He has finally stepped down. The era of Robert Mugabe has ended. His successor Mnangagwa must harness the momentum to build political bridges — otherwise the turning tide could take him with it, says Claus Stäcker.
Sometimes, spring takes a little longer to arrive. For two days the 93-year-old clung to the presidency, rambling on about the next party conference under his leadership in a bizarre TV appearance that unsettled not just his obedient generals, but half the world. The people of Zimbabwe, who had already begun celebrating, held their breath in horror. The shadow cast by the dictator is long. But soon after Robert Mugabe resigned — as parliament, controlled by his ZANU-PF party, was working to impeach him — the Zimbabwean Spring took to the streets.
"I never thought I would see this day," tweeted the commentator and newspaper owner Trevor Ncube. "Mugabe has resigned in my lifetime. This is a stepping stone towards a Zimbabwe we want. It won't be easy."
For the second time in 48 hours, people of all skin colors, generations and political camps are hugging in the streets. Zimbabwe is experiencing a very special African Spring. After 37 years, the Mugabe era is history. The leaden times that started with the first falsified election in 2002 and dragged on with no apparent end in sight are finally over. The entire country, across the whole political spectrum, feels as if a dam has burst. There is a sense of infinite relief.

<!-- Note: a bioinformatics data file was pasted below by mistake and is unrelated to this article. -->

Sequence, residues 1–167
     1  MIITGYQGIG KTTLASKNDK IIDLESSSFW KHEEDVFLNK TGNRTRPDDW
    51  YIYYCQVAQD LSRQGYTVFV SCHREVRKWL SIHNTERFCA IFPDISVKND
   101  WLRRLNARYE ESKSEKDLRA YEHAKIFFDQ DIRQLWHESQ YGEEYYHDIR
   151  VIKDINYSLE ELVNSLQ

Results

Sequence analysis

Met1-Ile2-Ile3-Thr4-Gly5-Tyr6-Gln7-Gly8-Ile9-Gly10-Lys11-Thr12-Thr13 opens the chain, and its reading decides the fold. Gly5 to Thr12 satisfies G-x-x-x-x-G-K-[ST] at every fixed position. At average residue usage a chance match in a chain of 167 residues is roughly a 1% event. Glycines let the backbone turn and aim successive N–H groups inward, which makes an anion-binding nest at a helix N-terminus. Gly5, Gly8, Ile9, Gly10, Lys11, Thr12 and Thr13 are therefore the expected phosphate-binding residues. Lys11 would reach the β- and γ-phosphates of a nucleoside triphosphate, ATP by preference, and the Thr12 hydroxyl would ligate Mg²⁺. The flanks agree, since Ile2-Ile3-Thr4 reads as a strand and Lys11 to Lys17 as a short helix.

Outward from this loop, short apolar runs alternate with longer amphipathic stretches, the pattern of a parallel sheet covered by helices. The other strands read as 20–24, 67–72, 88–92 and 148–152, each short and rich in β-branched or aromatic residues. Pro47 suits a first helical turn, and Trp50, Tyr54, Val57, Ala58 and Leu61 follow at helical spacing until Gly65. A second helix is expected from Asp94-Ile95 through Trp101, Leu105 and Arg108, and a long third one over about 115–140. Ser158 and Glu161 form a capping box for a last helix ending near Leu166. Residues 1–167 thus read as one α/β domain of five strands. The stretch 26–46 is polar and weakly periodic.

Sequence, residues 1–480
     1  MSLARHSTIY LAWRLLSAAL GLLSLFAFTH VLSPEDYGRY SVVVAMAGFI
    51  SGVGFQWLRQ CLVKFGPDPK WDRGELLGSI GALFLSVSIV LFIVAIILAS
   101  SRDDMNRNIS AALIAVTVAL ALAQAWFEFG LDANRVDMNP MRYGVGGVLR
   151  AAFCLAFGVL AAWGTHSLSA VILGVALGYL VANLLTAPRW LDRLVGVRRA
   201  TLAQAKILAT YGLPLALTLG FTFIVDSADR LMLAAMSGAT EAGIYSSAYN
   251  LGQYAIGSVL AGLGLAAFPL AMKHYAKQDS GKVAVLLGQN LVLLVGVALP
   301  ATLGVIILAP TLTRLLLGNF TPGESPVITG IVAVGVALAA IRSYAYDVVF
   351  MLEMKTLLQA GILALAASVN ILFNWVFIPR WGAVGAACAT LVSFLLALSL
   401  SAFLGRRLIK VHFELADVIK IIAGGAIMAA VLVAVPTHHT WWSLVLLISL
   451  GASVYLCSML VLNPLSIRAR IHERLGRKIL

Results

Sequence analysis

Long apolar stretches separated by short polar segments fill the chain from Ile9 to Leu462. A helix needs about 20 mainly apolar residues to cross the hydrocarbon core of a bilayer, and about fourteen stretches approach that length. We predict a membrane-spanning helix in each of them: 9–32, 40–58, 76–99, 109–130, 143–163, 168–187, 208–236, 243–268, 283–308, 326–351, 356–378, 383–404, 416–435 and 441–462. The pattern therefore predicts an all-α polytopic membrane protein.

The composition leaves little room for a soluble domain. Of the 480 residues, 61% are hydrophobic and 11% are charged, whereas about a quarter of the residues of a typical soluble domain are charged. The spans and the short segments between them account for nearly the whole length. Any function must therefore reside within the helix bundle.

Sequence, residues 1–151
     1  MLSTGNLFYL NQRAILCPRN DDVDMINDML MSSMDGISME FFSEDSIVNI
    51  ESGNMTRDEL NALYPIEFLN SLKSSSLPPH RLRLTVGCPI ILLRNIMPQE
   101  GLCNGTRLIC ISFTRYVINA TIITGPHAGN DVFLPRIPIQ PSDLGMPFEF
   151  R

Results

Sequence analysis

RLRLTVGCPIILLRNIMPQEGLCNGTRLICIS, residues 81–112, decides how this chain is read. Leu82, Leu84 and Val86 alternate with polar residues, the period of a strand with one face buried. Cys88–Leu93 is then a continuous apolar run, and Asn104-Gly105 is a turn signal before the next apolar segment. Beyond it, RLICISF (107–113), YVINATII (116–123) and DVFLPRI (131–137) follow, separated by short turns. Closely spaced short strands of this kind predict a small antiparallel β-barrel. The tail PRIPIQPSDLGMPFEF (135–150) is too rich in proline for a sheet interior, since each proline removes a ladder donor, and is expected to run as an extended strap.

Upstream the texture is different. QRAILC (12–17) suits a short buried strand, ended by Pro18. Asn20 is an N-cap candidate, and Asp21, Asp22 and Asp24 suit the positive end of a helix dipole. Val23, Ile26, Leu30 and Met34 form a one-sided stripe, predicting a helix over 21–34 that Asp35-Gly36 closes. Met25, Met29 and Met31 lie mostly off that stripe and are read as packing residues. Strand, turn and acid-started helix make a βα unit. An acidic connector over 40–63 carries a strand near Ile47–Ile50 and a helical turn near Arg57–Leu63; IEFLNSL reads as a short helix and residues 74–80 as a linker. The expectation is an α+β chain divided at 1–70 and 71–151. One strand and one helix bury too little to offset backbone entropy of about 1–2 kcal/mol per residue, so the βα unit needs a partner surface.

Talks and alliances
So now the work begins — and perhaps the hangover, too. The new strongman, Emmerson Mnangagwa, a freedom fighter and long-term loyalist of Mugabe's, with whom he once shared a cell, has displayed a keen instinct for assessing the political mood and using it. He is now feverishly holding talks with a host of Mugabe's enemies — those he alienated, fired and humiliated — to try and form alliances. It has to look harmonious, constitutional; it must represent the interests of the state and be in the service of the people. He must succeed in sending out signals of reconciliation. He is even said to have already spoken to dispossessed white farmers.
Mnangagwa must be calculating on leading the governing party ZANU-PF to election victory in 2018, from a position of power and with the support of the military. The chances are good, because the opposition is divided as never before. Egotism and intransigence have caused the once-strong Movement for Democratic Change (MDC), which even won the election in 2008, to splinter into numerous smaller groups.
The man of tomorrow?
Ten years on, this curious coup could be followed by a legitimate victory for ZANU-PF. The quiet Mnangawa, nicknamed "The Crocodile," is a man of the past: a guerrilla fighter, Marxist and secret serviceman. He heads a junta-like military circle that urged Mugabe, even before he lost the election in 2008, to cling to power by any means. This is the same clique that, with the help of elite North Korean soldiers, organized the massacre of up to 20,000 recalcitrant Ndebele in the early 1980s. This mass murder has still not been addressed, even though many Zimbabweans are prepared to forgive.
Mnangagwa may therefore be the man of the hour, but he is not the man of tomorrow. That's why it was all the more important that the hundreds of thousands of Zimbabweans who took to the streets at the weekend refused to be instrumentalized as a march for ZANU-PF. They showed how many different voices there are in the country — and what potential there is in this unity. This is exactly what must be reflected in the next election: It must be free, fair and democratic, and must represent all of Zimbabwe's many voices.
Zimbabweans have lost their fear. But the man of the hour, Emmerson Mnangagwa, should fear this revolutionary momentum, because the tide could soon turn against him.